The theory of "cultural hegemony," developed by the late Italian Marxist philosopher Antonio Gramsci in the 1930s, might have been misconstrued at the time, but its basic insight into the influence of culture on behavior, values and policy remain as topical as ever. It may even be argued that the ubiquity of technology has allowed cultural hegemony to wield a far greater stranglehold on cultural diversity than ever before.
Gramsci's insight unmasked how the ruling class controlled society not only through its institutions, but also - and more importantly - by the domination of culture. Cultural norms are portrayed as self-evident and eternal truths, thereby exposing dissent to ridicule or social excommunication.
Today we would say that the rulers define and control the narrative.
Recently the Western-centric cultural paradigm evangelized by tech was buttressed by the decisions of Facebook's Oversight Board. These decisions are largely based on the assumption that all moral, ethical or any other judgements (1) are or should be the same all over the world and (2) that they should reflect American or "Western" values and norms.
This paradigm of universality is, however, pegged on the infinite nature of tech rather than on reflection or philosophical analysis of the appropriateness of the belief.
The paradigm seeks moral recognition and support from human rights. Many believe that the promotion of uniform cultural values is somehow a "human rights obligation," given that foundational human rights like free speech are universal by nature. By conflating tech universality with human rights universality, the realm of cultural values is subsumed into the maelstrom of Western norms.
Take as an example nude photos. Whether or not they are deemed appropriate is strictly a cultural phenomenon. The point is not the specific decision of the Facebook Oversight Board, which dealt with nude photos in the context of breast exams, but the fact that this private corporation (and now its Oversight Board) has elevated itself to exercise universal judgement on a culturally specific subject.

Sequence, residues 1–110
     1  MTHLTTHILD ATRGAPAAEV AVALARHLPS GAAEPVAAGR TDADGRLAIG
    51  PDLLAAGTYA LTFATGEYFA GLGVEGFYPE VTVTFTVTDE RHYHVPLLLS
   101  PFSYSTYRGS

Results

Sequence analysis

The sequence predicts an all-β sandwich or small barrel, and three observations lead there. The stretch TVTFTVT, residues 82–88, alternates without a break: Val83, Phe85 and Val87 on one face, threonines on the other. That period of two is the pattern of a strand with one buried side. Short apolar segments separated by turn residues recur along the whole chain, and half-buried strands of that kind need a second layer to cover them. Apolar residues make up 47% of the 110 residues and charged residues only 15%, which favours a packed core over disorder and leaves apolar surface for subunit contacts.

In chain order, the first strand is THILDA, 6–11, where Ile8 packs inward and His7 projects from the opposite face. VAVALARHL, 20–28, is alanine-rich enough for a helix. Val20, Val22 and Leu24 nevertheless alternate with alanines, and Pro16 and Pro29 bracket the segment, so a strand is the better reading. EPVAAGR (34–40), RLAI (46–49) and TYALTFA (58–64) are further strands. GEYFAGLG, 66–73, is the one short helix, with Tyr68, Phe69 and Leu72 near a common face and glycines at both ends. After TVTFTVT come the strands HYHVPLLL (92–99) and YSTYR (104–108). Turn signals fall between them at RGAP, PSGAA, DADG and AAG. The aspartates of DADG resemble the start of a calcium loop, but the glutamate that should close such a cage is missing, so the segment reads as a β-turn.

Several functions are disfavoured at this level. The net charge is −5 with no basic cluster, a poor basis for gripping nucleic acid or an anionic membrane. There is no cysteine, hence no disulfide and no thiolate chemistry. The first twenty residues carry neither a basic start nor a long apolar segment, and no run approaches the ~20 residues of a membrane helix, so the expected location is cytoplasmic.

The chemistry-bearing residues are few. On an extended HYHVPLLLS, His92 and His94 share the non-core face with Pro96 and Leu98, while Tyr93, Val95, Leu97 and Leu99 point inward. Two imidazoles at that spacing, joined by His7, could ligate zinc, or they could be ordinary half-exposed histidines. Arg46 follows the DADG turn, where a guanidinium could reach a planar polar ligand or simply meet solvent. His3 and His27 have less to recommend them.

Another example of the Westernization of cultural paradigms is the failure to "regulate" cartoons and the degrading treatment of religious figures. These have somehow become vital to free speech, and the failure to recognize the existential dimension to other cultures of the sacred nature of their beliefs is conveniently justified by the pursuit of "agnosticism" - a new universal cultural value.
In the name of free speech social media have anointed themselves guardians of human rights worldwide, but in their quest for consumer influence they have usurped a right to impose Western morals and values on other cultures. It's almost a modern version of Manifest Destiny and the primacy of individual rights (a capitalist ethos) over collective rights - a remake of the paradox reflected in the Declaration of Fluman Rights from 1948, which resulted in the UN adopting two separate human rights treaties in the 1960s: The International Covenant on Civil and Political Rights and the International Covenant on Economic, Social and Cultural Rights.
No nation has the right to raise its own values and norms above those of other civilizations, and that principle necessarily extends to corporate shadows.
Unfortunately history abounds with the horrific consequences of such an approach. This is one of the reasons why the Convention on the Protection and Promotion of the Diversity of Cultural Expressions was developed under the auspices of UNESCO in 2005.
It's imperative that the universality of Western norms be seriously re-examined and that social media adopt a respectful attitude to cultural diversity by applying regional norms to the territories they operate in or target.
This is precisely the objective of an "Internet Ombudsman" - a state-based institution providing non-binding guidance to social media on local cultural values. The Council of Europe adopted the recommendation to create such ombudsmen in September 2020.
In addition to protecting cultural differences, it provides legal certainty to social media when confronted with the difficult judgment calls pitting free speech against hurtful content.
Cultural hegemony canonized by human rights could be contained by such a regional or "civilizational" ap-proach. The consequences of the unbridled export of Western norms are destructive to traditions, intergen- erational harmony, social fabric and cohesion as well as national identity, local languages, artistic expres¬sion and creeds.
Dan Shefet is a Paris-based lawyer specializing in European and human rights law, and information technology law in particular. This article was first published in the Greek newspaper "Real News," in collaboration with the Greek Representation to the European Commission and the Democracy and Culture Foundation.
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